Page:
Name: Casineria (Cheese Bay).
Phonetic: Cass-in-eh-ree-ah.
Named By: R.L. Paton, T.R. Smithson, and J.A. Clack - 1999.
Classification: Chordata, Tetrapoda.
Species: C. Kiddi.
Type: Carnivore/Insectivore.
Size: 15 centimeters long.
Known locations: Scotland, Cheese Bay.
Time period: Visťan of the Carboniferous.
Fossil representation: Skull and tail are missing. Rest of skeleton almost complete.

       Analysis of the location of the find suggests that Casineria lived in a dry environment and was quite possibly one of the first amniotes, laying eggs on dry land as opposed to having to return to the water for spawning. Because Casineria had claws, it would already have the genetic requirement to form scales and in life may have represented a small lizard. Its small size would have made it ideal for hunting the invertebrates of the carboniferous.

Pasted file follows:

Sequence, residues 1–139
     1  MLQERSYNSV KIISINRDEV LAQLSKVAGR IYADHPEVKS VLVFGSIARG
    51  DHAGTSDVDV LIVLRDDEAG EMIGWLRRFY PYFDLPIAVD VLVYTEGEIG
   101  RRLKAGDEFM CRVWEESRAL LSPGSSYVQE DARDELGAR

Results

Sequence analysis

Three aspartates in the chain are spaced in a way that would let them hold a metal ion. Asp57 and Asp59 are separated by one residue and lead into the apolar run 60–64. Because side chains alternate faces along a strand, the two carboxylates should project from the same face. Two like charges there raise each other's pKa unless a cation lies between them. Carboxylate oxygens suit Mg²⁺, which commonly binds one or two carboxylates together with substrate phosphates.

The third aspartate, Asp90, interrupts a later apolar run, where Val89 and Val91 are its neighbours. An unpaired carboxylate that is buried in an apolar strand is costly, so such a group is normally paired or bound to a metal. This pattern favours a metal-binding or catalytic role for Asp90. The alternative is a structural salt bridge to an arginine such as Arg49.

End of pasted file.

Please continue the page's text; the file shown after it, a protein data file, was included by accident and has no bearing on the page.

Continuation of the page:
Further reading
- An amniote-like skeleton from the Early Carboniferous of Scotland. - Nature. 398 (6727): 508–513. - R. L. Paton, T. R. Smithson & J. A. Clack - 1999.


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